Saturday, October 5, 2013

What I've Read Lately

DOUBLE FEATURE by Owen King - I didn't realize when I picked this book out at the library that the author is Stephen King's son. Once discovered, I tried not to let that influence my evaluation.  It turned out to be relatively easy because although the literary gene certainly passed down the family tree, Owen has his own unique voice that stands aparts from his dad's creepy one.  I enjoyed this novel, even if the pile up of coincidences at the end was a bit much. Sam, the hero of Double Feature, is a well developed character who keeps getting in the way of his own happiness. He feels short changed by his parents divorce, a father he both sort of emulates and is unable to connect with, the early death of his mother whose only sin was loving an unworthy man, and the mutilation of his directorial debut. You want Sam to move on, achieve some measure of closure, accept the imperfections of loved ones, make another movie, get the girl. But for much of the story he is determined to stick with the one thing he has mastered above all - the art of brooding. Enough quirkiness and amusement is scattered about the pages to prevent Sam's journey from feeling especially somber. The narrative often feels directionless, which may bother some readers but I don't find to be a negative trait in a book so long as the writing is strong and engaging. When someone is trying to figure out who they are and what they want to do with the life they've been given, a certain amount of meandering about is inevitable. I was reminded of the movie Garden State, which is a good thing as I'm quite fond of that movie.  Events of great impact have already taken place, an unknown future of vague promise lies ahead, but the moment at hand seems to mostly be about hanging around and waiting, no longer a child but perhaps not quite an adult, probably stalling. I was also reminded in a more superficial manner of one of my favorite movies, Cinema Paradiso. Like that wonderful film, Double Feature is in large part on ode to the movies. Whether it's an intellectual art house film or a campy cult classic or a Hollywood blockbuster with dazzling special effects, we accept the enjoyment that movies have to give us for a couple hours in dark rooms and then we return to the real world. Loose ends tend to be tied up by the time credits roll. Epiphanies have been reached. We walk away satisfied that events came full circle and we return to our own lives where things don't need to conform to rhyme or reason. They just are. I look forward to Owen King's next book and to seeing what direction his literary career will take. It's off to a fine start.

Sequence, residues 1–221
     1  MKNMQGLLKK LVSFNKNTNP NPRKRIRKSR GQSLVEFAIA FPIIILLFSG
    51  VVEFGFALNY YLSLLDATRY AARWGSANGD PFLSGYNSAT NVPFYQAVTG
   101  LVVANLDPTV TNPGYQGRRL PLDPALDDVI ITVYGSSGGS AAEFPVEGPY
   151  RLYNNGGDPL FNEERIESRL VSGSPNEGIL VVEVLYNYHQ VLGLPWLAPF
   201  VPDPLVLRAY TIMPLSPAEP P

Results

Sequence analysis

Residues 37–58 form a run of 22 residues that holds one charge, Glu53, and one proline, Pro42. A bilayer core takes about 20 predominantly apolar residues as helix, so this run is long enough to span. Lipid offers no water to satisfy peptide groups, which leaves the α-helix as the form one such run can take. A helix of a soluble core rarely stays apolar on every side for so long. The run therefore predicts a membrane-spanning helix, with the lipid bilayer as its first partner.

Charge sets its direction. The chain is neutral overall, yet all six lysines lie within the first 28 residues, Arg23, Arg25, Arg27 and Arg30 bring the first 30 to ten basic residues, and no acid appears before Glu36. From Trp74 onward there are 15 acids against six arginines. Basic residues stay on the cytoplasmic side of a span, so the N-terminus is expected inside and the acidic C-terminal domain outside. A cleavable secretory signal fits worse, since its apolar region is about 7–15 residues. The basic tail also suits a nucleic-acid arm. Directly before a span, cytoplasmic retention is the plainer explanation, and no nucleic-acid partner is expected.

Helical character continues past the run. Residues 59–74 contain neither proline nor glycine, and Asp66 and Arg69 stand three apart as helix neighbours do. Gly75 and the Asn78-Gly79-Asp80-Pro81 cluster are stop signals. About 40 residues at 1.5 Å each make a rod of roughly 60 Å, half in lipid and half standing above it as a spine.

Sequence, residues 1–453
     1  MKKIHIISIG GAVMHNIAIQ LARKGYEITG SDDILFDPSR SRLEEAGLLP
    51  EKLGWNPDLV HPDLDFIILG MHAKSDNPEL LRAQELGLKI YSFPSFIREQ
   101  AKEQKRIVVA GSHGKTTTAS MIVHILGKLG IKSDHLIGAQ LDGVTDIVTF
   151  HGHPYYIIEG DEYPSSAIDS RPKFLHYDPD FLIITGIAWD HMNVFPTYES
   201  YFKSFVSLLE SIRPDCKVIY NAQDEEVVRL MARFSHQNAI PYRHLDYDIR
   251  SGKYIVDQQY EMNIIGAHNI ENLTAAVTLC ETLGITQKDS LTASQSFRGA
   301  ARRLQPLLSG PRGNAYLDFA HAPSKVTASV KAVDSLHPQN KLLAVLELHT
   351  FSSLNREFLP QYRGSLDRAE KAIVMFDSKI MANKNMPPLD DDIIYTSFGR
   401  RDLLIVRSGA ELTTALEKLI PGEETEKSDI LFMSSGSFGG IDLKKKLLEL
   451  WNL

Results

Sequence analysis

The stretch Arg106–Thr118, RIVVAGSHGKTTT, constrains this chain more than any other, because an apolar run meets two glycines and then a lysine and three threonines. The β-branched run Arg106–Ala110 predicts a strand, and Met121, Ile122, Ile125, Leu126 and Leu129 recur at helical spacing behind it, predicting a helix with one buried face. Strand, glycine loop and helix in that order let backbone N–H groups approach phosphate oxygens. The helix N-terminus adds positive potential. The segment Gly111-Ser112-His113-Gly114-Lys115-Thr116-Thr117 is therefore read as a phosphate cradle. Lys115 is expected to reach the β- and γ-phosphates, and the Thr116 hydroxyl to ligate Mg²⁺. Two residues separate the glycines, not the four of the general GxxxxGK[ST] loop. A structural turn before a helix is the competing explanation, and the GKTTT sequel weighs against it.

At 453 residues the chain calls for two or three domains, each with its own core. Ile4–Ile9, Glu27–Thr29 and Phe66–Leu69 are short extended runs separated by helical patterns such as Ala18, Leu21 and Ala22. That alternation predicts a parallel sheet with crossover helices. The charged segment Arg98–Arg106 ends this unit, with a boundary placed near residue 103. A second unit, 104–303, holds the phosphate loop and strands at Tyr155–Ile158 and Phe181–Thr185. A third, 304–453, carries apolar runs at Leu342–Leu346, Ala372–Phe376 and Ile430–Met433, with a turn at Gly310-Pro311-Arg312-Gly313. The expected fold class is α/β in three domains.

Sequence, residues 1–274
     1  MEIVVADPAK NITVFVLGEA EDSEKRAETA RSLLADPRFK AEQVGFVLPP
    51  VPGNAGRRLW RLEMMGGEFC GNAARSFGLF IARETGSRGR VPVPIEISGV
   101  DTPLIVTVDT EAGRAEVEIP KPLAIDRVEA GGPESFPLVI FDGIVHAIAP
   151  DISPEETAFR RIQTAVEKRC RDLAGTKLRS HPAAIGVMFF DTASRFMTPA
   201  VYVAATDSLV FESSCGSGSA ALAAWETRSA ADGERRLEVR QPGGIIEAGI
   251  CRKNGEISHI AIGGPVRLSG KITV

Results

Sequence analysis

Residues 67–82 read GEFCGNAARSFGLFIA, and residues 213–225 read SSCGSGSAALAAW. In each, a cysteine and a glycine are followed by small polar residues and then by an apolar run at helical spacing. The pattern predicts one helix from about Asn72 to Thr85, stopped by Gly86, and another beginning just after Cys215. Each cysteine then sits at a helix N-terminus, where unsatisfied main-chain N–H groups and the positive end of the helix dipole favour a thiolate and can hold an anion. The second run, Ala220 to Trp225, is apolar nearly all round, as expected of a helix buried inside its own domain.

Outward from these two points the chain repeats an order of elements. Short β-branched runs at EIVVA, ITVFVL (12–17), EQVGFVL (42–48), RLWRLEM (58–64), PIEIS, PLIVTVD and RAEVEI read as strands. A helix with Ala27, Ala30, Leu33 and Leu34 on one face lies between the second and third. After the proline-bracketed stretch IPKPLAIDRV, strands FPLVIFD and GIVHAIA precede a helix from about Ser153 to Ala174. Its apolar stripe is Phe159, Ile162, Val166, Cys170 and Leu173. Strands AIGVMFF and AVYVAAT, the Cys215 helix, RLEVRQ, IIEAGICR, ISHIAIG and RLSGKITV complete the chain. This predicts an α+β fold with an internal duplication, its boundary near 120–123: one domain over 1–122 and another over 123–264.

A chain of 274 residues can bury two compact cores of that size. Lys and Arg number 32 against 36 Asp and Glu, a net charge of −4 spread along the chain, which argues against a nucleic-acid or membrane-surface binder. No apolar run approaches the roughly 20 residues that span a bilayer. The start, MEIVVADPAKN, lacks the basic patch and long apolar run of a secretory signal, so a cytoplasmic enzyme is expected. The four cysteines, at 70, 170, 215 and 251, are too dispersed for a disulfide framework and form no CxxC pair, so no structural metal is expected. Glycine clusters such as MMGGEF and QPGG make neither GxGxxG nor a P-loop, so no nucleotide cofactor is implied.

CANADA by Richard Ford - Richard Ford takes his sweet time building up to the details of events that he reveals at the very beginning of this novel.  The leisurely trips to "the bank robbery" and then a much shorter one to "the murders" are enjoyed because of Ford's masterly, non-pretentious use of language. This book isn't about crime and/or punishment. Despite the title it isn't even about Canada. It's simply a story about making due with what you have, moving on from what takes place, looking back on what once was, ever watchful for what may come to be. Canada is a chronicle of what happens to every single one of us. Life.

FREEMAN by Leonard Pitts, Jr. - A fantastic book. Readers will empathize with the well developed characters. History buffs fascinated by the Civil War time period will be enthralled. Those who take great interest in this nation's troublesome history of race relations will be deeply drawn in, and on numerous occasions will shake their head at the realization that centuries old truths stubbornly remain valid to this day. Those in eternal search for bittersweet love stories should immediately add Freeman to their reading list. The only bone I had to pick with it is that in order for certain events to go the way the author intended them to, there were a couple instances of characters leaving incriminating evidence lying conveniently around, allowing for trails that otherwise would have gone cold to remain hot. I temporarily felt the presence of Leonard Pitts Jr. directing the narrative when this happened. "No way she doesn't toss that newspaper in the fire immediately" I may have said aloud at one point near the end of this riveting story. This is the closest thing I found to a flaw in an otherwise wonderful novel. From its first sentence to the last, it packs a powerful motional punch. Bravo to a job well done.